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Engl 302 Daffodil; Kincaid, Jamaica. Lucy

Essay by Edward Rho  •  November 27, 2018  •  Essay  •  734 Words (3 Pages)  •  288 Views

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Why? Why are you so desperate of showing me this? Are you expecting me to see a open dream of bliss? I really don’t see it, but it makes me want to throw a fit. I don’t want to see them like I told you. You don’t know what I’ve been through. I have to memories a song about it, but not actually value it. If you were willing to take time and listen to my reasons than just roasting me like I’m possessed by demons. Maybe you understand and accept with a hand. We both see things differently. We value this object differently. Just like the novel Lucy by Jamaica Kincaid, how Lucy takes William Wordsworth, “I wandered lonely as a cloud” poem in order to show difference in perception for colonizer and the colonized. The perceptions between Lucy and Mariah of this single object, which is the daffodils. The eyes of beauty Mariah sees and the reflection of false identity.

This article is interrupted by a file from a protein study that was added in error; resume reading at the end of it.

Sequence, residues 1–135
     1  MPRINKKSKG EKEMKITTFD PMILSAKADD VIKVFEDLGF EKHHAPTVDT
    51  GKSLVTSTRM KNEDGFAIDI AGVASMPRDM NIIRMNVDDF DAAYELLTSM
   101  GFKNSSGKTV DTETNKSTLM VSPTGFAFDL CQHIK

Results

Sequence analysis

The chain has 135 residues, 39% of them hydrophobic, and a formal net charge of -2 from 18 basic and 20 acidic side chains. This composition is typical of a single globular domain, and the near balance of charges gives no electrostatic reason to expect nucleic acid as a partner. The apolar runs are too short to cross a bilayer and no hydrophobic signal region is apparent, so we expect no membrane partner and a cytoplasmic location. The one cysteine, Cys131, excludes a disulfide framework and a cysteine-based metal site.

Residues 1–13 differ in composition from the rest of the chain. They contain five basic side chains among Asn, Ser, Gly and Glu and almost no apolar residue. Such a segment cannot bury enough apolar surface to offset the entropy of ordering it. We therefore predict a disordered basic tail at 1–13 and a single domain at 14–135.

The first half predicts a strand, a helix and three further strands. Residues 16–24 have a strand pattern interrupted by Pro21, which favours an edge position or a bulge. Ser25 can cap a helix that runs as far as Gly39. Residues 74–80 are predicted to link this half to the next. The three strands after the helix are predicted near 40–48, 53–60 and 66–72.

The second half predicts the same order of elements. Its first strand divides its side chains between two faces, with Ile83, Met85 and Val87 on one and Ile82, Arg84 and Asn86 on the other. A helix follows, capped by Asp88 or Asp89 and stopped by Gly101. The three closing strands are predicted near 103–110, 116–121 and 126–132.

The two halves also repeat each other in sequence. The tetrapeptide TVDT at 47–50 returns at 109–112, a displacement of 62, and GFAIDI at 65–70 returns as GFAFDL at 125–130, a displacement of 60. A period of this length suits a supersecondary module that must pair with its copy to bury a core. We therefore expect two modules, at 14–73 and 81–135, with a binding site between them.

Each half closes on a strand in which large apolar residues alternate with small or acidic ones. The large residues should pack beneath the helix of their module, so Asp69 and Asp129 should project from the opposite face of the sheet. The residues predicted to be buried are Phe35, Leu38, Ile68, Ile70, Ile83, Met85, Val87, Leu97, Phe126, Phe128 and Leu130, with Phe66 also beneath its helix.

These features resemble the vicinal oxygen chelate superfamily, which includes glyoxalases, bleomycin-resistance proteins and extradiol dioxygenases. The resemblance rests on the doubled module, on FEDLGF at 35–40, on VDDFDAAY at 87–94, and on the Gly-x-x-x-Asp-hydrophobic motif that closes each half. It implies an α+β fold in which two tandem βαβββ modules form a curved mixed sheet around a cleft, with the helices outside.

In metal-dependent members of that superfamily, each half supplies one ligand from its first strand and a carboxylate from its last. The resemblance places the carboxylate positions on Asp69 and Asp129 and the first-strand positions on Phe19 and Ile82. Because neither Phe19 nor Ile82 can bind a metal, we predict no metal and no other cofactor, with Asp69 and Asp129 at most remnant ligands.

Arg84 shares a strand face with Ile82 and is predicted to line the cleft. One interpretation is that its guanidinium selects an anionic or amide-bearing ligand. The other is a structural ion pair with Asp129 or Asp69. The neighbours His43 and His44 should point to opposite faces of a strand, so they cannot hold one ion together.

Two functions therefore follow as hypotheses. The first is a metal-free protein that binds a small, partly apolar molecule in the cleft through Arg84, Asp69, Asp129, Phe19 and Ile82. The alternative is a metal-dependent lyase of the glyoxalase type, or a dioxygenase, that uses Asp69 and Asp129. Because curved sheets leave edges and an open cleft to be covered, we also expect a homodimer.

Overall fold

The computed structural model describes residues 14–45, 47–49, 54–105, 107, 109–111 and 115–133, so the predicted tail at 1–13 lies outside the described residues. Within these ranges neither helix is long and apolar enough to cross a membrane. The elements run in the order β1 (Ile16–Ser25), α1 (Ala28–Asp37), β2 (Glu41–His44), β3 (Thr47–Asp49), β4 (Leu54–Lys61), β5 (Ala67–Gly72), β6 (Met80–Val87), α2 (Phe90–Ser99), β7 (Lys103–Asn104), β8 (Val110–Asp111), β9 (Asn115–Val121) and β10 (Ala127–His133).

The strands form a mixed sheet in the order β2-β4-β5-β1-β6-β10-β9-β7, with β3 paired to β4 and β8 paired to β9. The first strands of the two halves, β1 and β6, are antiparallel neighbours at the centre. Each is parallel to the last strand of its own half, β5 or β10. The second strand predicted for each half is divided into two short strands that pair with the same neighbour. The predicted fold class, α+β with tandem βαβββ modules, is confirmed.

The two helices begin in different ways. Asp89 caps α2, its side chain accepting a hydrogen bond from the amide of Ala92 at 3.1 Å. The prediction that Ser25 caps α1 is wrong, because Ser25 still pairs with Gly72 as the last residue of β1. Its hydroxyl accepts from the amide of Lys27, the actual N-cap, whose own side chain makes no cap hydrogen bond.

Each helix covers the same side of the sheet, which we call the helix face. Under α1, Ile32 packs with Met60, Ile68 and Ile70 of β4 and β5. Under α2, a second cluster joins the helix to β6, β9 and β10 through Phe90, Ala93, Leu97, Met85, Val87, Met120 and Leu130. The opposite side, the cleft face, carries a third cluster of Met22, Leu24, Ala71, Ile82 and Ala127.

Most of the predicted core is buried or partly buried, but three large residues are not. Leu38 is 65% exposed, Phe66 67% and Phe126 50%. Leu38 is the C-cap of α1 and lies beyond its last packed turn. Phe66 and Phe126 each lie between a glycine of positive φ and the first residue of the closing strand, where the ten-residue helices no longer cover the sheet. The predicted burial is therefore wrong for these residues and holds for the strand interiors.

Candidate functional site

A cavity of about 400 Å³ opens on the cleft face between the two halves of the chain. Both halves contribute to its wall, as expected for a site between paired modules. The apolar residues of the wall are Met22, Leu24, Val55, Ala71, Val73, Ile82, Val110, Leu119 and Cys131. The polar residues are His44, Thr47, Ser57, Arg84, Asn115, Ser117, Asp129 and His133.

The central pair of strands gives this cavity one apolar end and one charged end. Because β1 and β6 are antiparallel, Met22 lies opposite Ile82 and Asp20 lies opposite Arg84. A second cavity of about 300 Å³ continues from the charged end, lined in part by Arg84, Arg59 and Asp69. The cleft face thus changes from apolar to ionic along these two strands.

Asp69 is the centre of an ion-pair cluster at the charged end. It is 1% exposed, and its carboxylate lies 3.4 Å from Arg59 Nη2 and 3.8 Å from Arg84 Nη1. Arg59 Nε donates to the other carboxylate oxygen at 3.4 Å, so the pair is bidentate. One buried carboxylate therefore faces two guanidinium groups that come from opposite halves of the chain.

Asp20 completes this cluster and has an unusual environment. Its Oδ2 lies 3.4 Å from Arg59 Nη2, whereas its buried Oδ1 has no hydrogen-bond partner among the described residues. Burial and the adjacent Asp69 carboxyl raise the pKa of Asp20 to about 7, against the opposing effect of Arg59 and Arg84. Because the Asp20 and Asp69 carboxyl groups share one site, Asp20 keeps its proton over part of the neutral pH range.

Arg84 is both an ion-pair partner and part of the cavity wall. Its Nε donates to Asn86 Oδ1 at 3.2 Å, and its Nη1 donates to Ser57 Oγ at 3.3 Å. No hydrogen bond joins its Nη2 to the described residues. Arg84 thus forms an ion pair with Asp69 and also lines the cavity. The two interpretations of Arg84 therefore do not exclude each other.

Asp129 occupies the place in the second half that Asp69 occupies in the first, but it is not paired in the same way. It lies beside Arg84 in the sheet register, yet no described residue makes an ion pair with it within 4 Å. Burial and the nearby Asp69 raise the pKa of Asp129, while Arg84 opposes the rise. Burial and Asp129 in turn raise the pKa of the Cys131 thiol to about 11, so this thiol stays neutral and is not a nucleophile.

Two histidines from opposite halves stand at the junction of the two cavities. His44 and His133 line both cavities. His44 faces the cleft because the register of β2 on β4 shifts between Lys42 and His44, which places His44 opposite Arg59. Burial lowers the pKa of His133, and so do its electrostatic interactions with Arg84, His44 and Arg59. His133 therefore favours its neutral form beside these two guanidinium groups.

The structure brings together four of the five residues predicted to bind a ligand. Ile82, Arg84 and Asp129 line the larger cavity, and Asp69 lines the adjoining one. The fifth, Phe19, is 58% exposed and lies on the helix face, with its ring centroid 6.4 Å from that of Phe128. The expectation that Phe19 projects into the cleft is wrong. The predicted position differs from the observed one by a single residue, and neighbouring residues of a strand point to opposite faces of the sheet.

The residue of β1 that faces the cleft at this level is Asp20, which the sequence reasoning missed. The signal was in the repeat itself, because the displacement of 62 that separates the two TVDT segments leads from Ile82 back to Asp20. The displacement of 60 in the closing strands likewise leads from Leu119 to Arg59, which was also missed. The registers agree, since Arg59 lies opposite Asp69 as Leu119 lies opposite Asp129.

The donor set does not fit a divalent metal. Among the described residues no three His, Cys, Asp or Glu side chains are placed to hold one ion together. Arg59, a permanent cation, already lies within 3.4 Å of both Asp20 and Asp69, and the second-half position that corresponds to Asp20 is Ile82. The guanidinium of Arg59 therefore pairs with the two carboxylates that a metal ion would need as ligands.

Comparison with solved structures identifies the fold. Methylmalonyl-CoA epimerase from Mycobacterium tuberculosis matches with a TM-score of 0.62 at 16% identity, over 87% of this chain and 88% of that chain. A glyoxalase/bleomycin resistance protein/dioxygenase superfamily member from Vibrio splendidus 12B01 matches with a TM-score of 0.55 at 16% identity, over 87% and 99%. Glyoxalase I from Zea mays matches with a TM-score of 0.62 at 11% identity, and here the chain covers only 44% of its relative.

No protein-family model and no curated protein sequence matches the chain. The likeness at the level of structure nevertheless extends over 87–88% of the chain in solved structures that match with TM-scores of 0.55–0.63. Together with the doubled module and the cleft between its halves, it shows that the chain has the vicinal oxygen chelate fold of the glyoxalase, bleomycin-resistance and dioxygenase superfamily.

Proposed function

Lucy and Mariah have a disparate perceptions of daffodils. As Lucy states, “I did not know what these flowers were, and so it was a mystery to me why I wanted to kill them. I wished I had an enormous scythe; I would just walk down the path, dragging it alongside me, and I would cut these flowers down where they emerged from the ground.” (29) Lucy sees these daffodils as reminder and reflection of a colonial education that forced her to memorize a poem about a flower she’d never seen, while ignoring her native land. She is forced to endure all of Britain’s teachings, but yet she still feels as an outsider because she cannot embrace British traditions. This explains why she vows to erase the memories of that poem from her mind. Her initial aspiration is to not just rid her mind of the poem, but to also forget the history of her country being colonized by Britain. For Mariah's side of view, the daffodils is her favorite flower. The daffodil to her means beauty, sorrow, bitterness and the the entry of spring. Mariah of course does not understand the antagonism in Lucy’s voice as she is telling the story, and intentionally brings the daffodils into her life after Lucy explains her reflection. As Mariah leads Lucy to a field of daffodils in an attempt to change Lucy’s feelings about the flower, Lucy’s hostility toward daffodils only increases. She wants to demolish the daffodils. Not only does the daffodils poetry as colonial injustice, but these flowers also represent Mariah’s colonial determination. The determination to make Lucy see the world as she does. The daffodils point to Lucy and Mariah’s opposing perspectives of themselves. They represent the symbol of themselves, by showing



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